10. Victim and Rescuer Safety:Exposure to Blood • Bloodborne diseases are caused by germs. A rescuer may catch a disease if germs in someone else’s blood or body fluids get into their mouth, eye, or a cut on their skin. This is why you should always wear PPE’s. • Some bloodborne diseases are HIV (the virus that causes aids), HepB, and HepC.

  11. Actions for Exposure to Blood • If you are wearing gloves, take them off. • Immediately wash your hands and the contact area with soap and water. • If body fluids have splattered in your eyes, nose, or the inside of your mouth, rinse these areas with lots of water. • Tell our company’s emergency response program supervisor what happened as soon as possible. Then contact a healthcare professional.

  12. Taking off Gloves • When you give first aid, the outside of your gloves may touch blood or other body fluids. Take your gloves off without touching the outside of the gloves with your bare hands. • The steps of how to properly take off gloves: •

  13. Victim and Rescuer Safety: Phoning for Help • The American Heart Association (AHA) has a Chain of Survival. The first, most important, step to this is phoning your emergency response number. • When to phone for help: If someone is seriously injured (heart attack, stroke, poison) or you are not sure what to do. If someone tries to commit suicide or has been assaulted call your emergency response number regardless of the condition. • How to phone for help: If alone yell for help and tell them to call. If no one shows, leave the injured person and call yourself while also getting the first aid kit and AED. If you are with others stay with them and have someone else call and proceed with as much first aid as you know. • Remember, all companies policies are different. Be sure you know your companies policies for how to phone your emergency response number. • Also remember to answer all of the dispatchers questions. Do not hang up until told to. This will not delay the arrival.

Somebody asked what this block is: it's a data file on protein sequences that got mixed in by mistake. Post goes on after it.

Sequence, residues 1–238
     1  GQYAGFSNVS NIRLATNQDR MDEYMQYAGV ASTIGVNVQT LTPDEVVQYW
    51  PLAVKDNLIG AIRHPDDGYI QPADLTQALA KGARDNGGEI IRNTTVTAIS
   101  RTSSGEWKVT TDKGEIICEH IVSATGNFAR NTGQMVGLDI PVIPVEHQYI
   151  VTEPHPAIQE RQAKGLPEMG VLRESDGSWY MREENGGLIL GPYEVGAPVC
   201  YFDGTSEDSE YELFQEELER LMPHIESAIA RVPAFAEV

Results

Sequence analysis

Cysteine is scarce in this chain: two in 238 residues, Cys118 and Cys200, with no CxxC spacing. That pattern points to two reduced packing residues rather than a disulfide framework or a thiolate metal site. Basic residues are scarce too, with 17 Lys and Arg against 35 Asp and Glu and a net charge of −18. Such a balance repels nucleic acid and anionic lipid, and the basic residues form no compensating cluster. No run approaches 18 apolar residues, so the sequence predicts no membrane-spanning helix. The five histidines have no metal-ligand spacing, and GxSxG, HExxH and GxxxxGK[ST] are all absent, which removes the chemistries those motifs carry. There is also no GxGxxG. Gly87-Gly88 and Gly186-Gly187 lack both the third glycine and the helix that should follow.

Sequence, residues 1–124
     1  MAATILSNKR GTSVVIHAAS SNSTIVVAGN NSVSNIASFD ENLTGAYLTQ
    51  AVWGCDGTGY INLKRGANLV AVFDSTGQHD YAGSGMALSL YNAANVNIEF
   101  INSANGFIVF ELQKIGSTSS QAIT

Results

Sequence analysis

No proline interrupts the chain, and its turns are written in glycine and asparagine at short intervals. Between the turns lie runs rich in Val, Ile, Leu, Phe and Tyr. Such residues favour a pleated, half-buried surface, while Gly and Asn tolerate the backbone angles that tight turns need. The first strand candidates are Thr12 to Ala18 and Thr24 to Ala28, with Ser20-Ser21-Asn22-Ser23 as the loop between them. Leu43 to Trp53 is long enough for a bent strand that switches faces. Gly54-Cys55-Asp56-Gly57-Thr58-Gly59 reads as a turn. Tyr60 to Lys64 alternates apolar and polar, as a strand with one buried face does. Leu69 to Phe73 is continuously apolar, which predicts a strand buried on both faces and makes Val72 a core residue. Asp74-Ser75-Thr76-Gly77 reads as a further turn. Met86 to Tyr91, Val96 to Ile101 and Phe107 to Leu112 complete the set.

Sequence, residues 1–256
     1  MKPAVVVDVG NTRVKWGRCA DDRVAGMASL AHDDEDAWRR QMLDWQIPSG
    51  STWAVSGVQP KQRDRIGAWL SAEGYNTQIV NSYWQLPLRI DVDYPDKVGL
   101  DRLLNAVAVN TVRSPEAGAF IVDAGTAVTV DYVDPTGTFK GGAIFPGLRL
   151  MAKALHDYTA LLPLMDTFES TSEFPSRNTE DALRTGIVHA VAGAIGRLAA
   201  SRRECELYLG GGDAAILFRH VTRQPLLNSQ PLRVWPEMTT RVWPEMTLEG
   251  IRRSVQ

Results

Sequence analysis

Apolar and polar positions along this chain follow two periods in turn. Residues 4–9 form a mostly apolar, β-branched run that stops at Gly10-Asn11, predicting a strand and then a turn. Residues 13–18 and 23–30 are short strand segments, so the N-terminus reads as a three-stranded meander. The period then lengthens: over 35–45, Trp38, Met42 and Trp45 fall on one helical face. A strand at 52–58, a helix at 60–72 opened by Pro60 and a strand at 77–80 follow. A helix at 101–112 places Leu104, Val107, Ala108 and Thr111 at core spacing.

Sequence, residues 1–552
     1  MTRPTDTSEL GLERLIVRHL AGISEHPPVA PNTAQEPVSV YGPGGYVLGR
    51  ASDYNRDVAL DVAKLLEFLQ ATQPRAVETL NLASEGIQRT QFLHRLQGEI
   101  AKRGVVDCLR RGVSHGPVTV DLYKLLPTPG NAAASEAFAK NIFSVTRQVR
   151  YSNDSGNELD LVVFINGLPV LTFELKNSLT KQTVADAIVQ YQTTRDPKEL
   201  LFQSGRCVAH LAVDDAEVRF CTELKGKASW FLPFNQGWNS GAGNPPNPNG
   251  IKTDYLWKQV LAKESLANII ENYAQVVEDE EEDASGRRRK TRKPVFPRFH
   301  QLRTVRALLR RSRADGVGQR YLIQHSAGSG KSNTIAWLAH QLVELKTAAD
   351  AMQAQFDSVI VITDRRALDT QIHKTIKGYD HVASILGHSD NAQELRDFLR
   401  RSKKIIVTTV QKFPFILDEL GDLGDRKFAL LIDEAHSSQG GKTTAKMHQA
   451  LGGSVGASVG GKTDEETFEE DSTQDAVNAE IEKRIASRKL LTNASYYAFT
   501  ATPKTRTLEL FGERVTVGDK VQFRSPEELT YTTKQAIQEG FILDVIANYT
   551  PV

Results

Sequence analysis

14. Victim and Rescuer Safety:Finding the Problem • After checking to see id the scene is safe, begin looking for the problem. At first look for life threatening problems, then look for other problems. See how the person responds and watch the persons breathing. • ACTIONS: • Check if the scene is safe. • Shout, “ARE YOU OK?” • Check if the person is breathing. If they are not breathing of if they are gasping for air begin CPR and AED. • Look for any obvious signs of injury, such as bleeding, broken bones, burns, or bites. • Look for medical information jewelry. • If a person cannot respond their muscles in the airway relax causing the tongue to block the airway. Always check the airway.

  15. Victim and Rescuer Safety:After the Emergency • When giving first aid you will find our private information on the ill and injured person. You may only give this private information out to EMS rescuers and your company’s emergency response program supervisor. You may also need to fill our a report for your company. You may not share this information with anyone else.

  16. Medical Emergencies • It is common to give CPR in medical emergencies. • Medical emergencies include: Breathing problems, chocking in an adult, allergic reactions, heart attack, fainting, diabetes and low blood sugar, stroke, seizure, and shock. We will learn about each of these.

  17. Medical Emergencies:Breathing Problems • Someone may develop mild or sever blocking of the aid passages. Someone having a heart attack or stroke may also have breathing problems. • Signs: Breathing is very fast or slow, have trouble with every breath, has noisy breathing such as whistling or wheezing, and can only make sounds or speak no more then a few words at a time between breaths.

  18. Asthma • In some cases you may need to help those with asthma if they are having breathing problems and cannot give themselves their own inhaler. • Actions: • Shake medicine. • Put the medicine into the medicine chamber. • Remove the cap from the mouthpiece. • Attach a spacer if there is one available, and if you know how. • Tilt the person’s head back slightly and have them breathe out slowly. • Put the inhaler or spacer in the persons mouth. • Push down on the top of the medicine canister. Have the person breathe in slowly and deeply as you push down. • Have the person how their breathe for 10 seconds, and then breathe out slowly.